175 years ago, Archibald Montgomerie, the Earl of Eglinton (1812-61) resolved to provide what might now be called a ‘re-enactment’ of a medieval tournament on his estates in Ayrshire. A great fan of the turf (his jockeys rode in tartan) and of champagne (by some accounts he drank nothing else), Eglinton planned an event to complement a race meeting. It quickly snowballed in line with the overwhelming public response to the idea and thousands of people, many dressed in medieval fashions in accordance with Eglinton’s instructions, arrived at his estate via railways and specially-commissioned steamers in late August 1839.
As we might expect, MPs and their families featured prominently in an event whose main aim was to provide models of proper behaviour for political and social elites. The Queen of Beauty was Lady Seymour, wife of the Whig minister and MP for Totnes, Lord Seymour. Large numbers of MPs and local political elites featured in both the house party that stayed at Eglinton Castle and the large crowd in the pavilions, which witnessed the action over the following days.
From another source:
The dress rehearsals were held in London at a garden behind the Eyre Arms, St John’s Wood, a tavern close to Regent’s Park, the last one on Saturday 13 July 1839. Nineteen knights participated. The audience was invitation only; many of “the very elite of the most elite” (said the “Court Journal”) were invited to watch, and 2,690 attended. The rehearsal went perfectly. The weather was sunny, the banners and armour and tents impressive, the jousting successful. Even critics conceded that the tournament was likely to be a fine show.
A hundred thousand spectators are reported to have attended the actual event which was a fiasco. The tournament was pretty much rained out. One descendant of the Earl reports that his folly in spending £40,000 promoting the tournament “impoverished his family”. What (on earth!) was going on? Well the industrial revolution was going on, that’s what. People were streaming into cities where they swapped the traditional human bonds of the British countryside and its grinding poverty and oppression for the impersonal bonds of the city and the slightly less grinding poverty and anarchy of the slums. The representatives of a new discipline of ‘political economy’ were intoning gravely about maximising ‘utility’ in a manner similar to the way businessmen were calculating how to optimise their profit. They were preaching counter-intuitive and heartless doctrines that relieving the poor only encouraged them – only produced more poor as Charles Murray does today. None of this made any sense in the countryside where if one came upon a beggar one might help them in some way without having twenty more knocking on your door to make merry with your charity within a few days.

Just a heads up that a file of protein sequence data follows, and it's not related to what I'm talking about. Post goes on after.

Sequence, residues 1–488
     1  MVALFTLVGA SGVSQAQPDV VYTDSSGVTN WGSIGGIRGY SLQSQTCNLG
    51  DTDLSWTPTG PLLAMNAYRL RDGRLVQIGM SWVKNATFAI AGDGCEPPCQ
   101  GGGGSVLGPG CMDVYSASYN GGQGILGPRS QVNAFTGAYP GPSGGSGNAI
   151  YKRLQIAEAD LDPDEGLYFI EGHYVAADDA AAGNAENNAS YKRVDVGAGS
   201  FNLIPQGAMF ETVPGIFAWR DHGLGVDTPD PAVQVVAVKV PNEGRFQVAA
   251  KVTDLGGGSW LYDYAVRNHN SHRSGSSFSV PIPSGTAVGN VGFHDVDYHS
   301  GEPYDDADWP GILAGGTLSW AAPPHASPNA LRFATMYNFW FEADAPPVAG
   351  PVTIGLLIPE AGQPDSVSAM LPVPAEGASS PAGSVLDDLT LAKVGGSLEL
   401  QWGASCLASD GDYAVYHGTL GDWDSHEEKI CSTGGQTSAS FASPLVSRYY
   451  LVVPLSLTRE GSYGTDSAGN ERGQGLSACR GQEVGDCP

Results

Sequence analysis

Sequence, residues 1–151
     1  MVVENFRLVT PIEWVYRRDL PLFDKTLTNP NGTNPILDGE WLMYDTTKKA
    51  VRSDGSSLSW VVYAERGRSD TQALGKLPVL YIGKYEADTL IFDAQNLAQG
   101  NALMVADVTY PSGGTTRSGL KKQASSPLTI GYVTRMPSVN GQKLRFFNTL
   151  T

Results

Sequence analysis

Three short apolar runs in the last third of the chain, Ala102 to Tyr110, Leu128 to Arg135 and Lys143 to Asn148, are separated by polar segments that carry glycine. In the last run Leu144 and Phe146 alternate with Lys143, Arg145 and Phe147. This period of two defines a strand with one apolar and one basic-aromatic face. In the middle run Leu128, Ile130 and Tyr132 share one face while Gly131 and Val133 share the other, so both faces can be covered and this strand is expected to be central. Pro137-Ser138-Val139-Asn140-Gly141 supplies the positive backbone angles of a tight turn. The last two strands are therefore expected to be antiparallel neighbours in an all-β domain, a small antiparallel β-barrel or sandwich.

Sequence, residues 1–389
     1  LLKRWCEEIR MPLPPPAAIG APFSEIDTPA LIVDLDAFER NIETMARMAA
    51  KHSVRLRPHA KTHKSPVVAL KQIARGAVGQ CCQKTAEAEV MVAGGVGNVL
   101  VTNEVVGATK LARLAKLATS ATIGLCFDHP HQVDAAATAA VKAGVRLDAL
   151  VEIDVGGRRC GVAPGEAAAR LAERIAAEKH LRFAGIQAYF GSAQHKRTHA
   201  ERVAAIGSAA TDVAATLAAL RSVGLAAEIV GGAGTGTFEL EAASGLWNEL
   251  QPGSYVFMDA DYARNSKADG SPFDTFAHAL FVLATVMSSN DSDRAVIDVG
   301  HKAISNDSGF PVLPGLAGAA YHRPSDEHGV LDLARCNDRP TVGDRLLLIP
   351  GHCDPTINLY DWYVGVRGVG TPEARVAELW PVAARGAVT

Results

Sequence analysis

And as this soulless dystopia that was brewing within the burgeoning cities of the UK, a utopian golden age of heraldic medieval chivalry erupted from the collective unconscious into the zeitgeist – a world where humans dealt with each other person to person – where a Lord could be respected as upholding the good along with all his power and the hoi polloi were respectful of all this lordly goodness. How much of this was true was kind of beside the point. It was truthiness itself in the age of Mr Gradgrind. And so Walter Scott churned out novel after novel imagining this golden age. And more gothic churches were built in the five decades following the Eglinton Tournament than had been built in the previous ten centuries.1
Anyway, it makes little sense, but that’s why we put our garbage into two streams to protect the environment but abolish carbon pricing which jeopardises the planet, why we acknowledge the traditional owners of the land on which we meet, their elders past and present, but spare ourselves the trouble of really engaging with their problems, and so on.
- I made this stat up, but this is Troppo – see rule 1 above. Anyway you get the picture. ↩